Cover: Kalahari Hunter-Gatherers: Studies of the !Kung San and Their Neighbors, from Harvard University PressCover: Kalahari Hunter-Gatherers in E-DITION

Kalahari Hunter-Gatherers

Studies of the !Kung San and Their Neighbors

Available from De Gruyter »

Product Details


$65.00 • £54.95 • €60.00

ISBN 9780674430600

Publication Date: 01/01/1976

408 pages


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The !Kung are, or were, one of the last peoples on earth to live as humans did 10,000 years ago. They sustained what was once the universal mode of ancient human existence—hunting and gathering, mankind’s key to survival for at least a million years before the advent of agriculture.

Since 1963, a team of researchers have employed their techniques and talents in a pioneering study of the way of life of the !Kung (a San- or Bushman-speaking people) of the northern Kalahari Desert in Botswana. Under the leadership of Irven DeVore and Richard B. Lee, the overall goal of the investigators has been to develop a composite and complete portrait of these people in relation to the evolution of human behavior and society. The result, as Sherwood L. Washburn states in his Foreword, provides “an ideal demonstration of what the science of anthropology can do.”

Kalahari Hunter-Gatherers approaches its subject from many disciplines, judiciously combining sound scholarship with humanistic concerns. In addition to the ethnographic and ecological writings of the principal investigators, the other anthropologists contributing to this volume examine the biomedical and genetic parameters of the population, demographic factors, infant growth and development, child training and personality, group organization and settlement patterns, economic behavior, psychology, folklore, and adult interpersonal relations.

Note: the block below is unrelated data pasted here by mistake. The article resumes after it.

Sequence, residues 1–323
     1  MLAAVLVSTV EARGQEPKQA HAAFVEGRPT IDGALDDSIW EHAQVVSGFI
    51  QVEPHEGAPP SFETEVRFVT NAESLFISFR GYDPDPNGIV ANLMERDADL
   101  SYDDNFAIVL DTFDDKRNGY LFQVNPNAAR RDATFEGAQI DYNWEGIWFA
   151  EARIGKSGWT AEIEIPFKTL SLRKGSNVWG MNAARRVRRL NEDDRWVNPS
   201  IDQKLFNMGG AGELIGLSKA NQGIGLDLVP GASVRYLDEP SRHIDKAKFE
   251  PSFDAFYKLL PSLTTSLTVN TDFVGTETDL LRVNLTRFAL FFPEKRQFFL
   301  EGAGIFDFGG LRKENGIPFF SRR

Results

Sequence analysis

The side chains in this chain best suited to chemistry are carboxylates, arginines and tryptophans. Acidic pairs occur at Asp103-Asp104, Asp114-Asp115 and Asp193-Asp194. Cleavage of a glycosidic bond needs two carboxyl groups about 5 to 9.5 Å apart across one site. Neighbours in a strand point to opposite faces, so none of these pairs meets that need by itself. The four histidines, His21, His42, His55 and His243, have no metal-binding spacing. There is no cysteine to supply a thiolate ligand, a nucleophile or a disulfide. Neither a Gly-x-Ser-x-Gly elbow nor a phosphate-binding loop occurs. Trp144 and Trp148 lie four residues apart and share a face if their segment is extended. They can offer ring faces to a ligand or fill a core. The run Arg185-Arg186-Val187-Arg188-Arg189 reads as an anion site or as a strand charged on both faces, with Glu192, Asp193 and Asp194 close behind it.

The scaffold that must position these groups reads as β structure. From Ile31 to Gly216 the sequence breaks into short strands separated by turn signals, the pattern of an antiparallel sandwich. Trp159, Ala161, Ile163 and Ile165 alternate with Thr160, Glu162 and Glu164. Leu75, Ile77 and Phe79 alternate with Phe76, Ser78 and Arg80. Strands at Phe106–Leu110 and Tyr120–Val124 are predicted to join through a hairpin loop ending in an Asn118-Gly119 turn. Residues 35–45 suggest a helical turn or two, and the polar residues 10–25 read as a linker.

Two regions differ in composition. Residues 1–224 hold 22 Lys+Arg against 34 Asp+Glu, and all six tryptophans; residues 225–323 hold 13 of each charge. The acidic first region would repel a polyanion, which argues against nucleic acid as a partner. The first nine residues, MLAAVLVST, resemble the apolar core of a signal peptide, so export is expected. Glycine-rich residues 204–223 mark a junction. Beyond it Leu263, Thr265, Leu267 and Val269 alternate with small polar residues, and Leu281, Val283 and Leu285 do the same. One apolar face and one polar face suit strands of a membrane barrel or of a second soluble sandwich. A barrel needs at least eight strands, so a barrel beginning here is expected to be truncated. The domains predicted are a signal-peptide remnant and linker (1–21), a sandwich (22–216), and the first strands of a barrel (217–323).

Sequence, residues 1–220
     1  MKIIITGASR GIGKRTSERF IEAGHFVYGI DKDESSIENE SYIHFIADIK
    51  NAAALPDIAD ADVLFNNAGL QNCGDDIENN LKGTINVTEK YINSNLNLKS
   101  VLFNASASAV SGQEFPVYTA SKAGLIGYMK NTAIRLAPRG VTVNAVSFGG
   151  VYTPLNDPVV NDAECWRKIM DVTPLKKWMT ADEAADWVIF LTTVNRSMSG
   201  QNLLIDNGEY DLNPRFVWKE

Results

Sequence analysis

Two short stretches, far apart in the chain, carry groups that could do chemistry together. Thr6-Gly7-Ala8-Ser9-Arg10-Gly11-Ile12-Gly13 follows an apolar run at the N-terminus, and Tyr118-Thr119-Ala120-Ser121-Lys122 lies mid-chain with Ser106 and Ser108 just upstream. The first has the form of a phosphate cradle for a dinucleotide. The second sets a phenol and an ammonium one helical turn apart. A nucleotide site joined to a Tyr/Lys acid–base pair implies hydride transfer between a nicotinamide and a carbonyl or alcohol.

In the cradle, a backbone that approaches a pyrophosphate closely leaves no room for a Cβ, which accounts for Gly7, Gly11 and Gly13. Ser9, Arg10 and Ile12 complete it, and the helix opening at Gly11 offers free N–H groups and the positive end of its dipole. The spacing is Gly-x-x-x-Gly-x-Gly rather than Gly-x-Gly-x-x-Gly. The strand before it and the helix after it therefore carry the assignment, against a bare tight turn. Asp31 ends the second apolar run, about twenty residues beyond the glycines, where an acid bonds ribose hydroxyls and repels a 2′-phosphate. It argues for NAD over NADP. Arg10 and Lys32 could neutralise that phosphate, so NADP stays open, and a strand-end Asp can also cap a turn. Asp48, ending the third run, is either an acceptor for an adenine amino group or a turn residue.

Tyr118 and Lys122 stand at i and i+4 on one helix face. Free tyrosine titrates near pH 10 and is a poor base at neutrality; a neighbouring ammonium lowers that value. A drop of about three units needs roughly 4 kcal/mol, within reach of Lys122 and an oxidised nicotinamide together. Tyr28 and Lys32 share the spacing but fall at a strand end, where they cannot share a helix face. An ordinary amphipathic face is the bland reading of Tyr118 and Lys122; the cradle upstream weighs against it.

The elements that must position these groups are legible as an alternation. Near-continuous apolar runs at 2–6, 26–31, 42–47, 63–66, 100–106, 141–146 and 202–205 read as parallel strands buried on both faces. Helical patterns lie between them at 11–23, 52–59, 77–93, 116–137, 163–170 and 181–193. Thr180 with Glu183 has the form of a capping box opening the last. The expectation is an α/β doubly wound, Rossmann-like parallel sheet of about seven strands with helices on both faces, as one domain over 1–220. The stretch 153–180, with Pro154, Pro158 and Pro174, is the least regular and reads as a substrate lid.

The authors correct the widely held view that so-called primitive societies are basically aggressive, territorial, and possessive or that life in the state of nature is nasty, brutish, and short. They describe, for example, how the !Kung work shorter hours and eat more protein than members of many more advanced societies. There is a conspicuous absence of the clinical signs of heart disease, and blood cholesterol levels are about half those in Western society and among the lowest ever recorded for a human population. Almost half the adult men and many of the women are healers who can enter a spontaneous trancelike state, and who bring alive a rich inner life of fantasy and struggle.

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